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xmlrpc with Python and large datases

P: n/a
Hi all,

I helped one of my co-workers put together an XMLRPC Python script that
allowed him to get database data from remote machines. This was done
because the source of the data could be Oracle on a Sun/Solaris
machine, and MySQL on our linux machines. Doing the script in Python
allowed him to gather the date with a general purpose API and just send
over some SQL queries.

Since then he's run into a problem. If he sends a query that gets a
very large recordset from the database the script fails and it vaguely
reports about a "broken pipe", which I'm guessing is a problem with the
network connection. Has anyone else seen this use XMLRPC and Python and
large amounts of data being returned via XMLRPC? And if so, is there a
solution?

Thanks,
Doug

Jul 18 '05 #1
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P: n/a
writeson wrote:
Since then he's run into a problem. If he sends a query that gets a
very large recordset from the database the script fails and it vaguely
reports about a "broken pipe", which I'm guessing is a problem with the
network connection. Has anyone else seen this use XMLRPC and Python and
large amounts of data being returned via XMLRPC? And if so, is there a
solution?

Most web servers have a configurable limit on the size of data sent to the
server for a single request. It sounds as though you may be exceeding this.
Check what setting has been used on your web server.

If it is Apache then look at the limitrequestbody parameter, it is
unlimited by default, but advisable to set a limit to deter certain types
of DoS attack.
Jul 18 '05 #2

P: n/a
Duncan,

Thanks for the reply. We are running this on an Apache server on the
linux box, and an iPlanet4.1 server on the solaris machines. However,
both these servers are strictly 'inside' the firewall. I checked the
apache configuration and there is no limitrequestbody parameter in the
file at all. So I'm assuming from what you've said that our
configuration would be unlimited. However, I will test that by
inserting limitrequestbody and setting it to 0 for unlimited to see if
that changes things.

Thanks,
Doug

Jul 18 '05 #3

P: n/a
writeson wrote:
Duncan,

Thanks for the reply. We are running this on an Apache server on the
linux box, and an iPlanet4.1 server on the solaris machines. However,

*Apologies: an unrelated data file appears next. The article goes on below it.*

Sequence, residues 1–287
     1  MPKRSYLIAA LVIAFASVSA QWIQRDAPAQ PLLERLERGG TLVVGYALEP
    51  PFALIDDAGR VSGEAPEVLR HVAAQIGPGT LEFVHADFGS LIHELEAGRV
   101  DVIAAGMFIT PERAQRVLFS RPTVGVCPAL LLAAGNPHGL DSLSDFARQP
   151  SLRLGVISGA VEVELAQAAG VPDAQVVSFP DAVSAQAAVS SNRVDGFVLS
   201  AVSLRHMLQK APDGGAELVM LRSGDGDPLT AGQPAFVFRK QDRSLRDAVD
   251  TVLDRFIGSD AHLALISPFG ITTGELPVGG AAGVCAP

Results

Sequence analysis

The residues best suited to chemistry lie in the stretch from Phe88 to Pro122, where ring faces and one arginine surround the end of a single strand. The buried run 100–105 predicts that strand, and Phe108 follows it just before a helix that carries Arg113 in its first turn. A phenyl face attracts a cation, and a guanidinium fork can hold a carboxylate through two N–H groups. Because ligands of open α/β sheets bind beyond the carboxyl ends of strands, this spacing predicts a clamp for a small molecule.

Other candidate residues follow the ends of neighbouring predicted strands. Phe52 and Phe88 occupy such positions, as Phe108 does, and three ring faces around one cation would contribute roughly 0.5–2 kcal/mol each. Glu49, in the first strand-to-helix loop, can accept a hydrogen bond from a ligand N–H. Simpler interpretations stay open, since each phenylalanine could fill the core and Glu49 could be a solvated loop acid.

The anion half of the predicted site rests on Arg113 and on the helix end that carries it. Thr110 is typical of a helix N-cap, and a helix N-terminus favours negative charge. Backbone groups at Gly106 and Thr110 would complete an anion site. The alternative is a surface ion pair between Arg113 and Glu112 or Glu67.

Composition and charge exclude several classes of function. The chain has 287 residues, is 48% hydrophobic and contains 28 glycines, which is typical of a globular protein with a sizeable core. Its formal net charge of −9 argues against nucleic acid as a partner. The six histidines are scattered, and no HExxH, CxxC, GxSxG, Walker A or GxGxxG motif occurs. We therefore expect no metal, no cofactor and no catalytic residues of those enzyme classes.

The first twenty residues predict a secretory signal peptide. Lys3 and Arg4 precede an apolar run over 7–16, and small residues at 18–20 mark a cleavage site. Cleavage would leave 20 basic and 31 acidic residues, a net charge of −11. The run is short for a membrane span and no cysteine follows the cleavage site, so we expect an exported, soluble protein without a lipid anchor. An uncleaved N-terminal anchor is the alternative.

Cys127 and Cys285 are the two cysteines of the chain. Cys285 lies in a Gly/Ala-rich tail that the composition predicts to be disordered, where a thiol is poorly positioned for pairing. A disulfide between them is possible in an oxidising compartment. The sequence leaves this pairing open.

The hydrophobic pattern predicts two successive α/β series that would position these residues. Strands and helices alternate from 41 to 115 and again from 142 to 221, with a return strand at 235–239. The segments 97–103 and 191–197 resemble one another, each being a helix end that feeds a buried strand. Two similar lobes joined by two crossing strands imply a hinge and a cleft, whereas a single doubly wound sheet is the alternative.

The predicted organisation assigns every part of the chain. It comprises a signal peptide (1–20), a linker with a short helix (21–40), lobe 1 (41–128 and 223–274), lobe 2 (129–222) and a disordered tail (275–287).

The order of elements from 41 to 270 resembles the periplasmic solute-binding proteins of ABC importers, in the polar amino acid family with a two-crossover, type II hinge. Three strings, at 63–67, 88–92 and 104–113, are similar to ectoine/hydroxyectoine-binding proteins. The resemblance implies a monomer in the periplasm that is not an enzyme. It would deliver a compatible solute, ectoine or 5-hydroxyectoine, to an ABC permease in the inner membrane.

both these servers are strictly 'inside' the firewall. I checked the
apache configuration and there is no limitrequestbody parameter in the
file at all. So I'm assuming from what you've said that our
configuration would be unlimited. However, I will test that by
inserting limitrequestbody and setting it to 0 for unlimited to see if
that changes things.

Thanks,
Doug

Usually a "broken pipe" message is to do with disruption of a Unix
pipeline rather than a network connection. I've seen the message mostly,
IIRC, in BSD-based environments.

A pipeline connects the standard output of one process to the standard
input of another. If this second process terminated while the first is
still writing its output the "broken pipe" message will be raised. It's
therefore probable that some consumer process is terminating before its
producer.

Whether this is due to timeouts in the server environment is open to
question, but at least you'll be looking for the right problem :-)

regards
Steve
--
Meet the Python developers and your c.l.py favorites March 23-25
Come to PyCon DC 2005 http://www.pycon.org/
Steve Holden http://www.holdenweb.com/
Jul 18 '05 #4

P: n/a
Steve Holden wrote:
Usually a "broken pipe" message is to do with disruption of a Unix pipeline rather than a network
connection. I've seen the message mostly, IIRC, in BSD-based environments.


the socket layer uses EPIPE to indicate that a socket has been shut down
by the remote end.

</F>

Jul 18 '05 #5

P: n/a
Steve,

Thanks for your reply, I'll look into things based on your comments.
Also, I've read your book "Python Web Programming" and wanted you to
know it has helped me a lot with various python projects, thanks!

Doug

Jul 18 '05 #6

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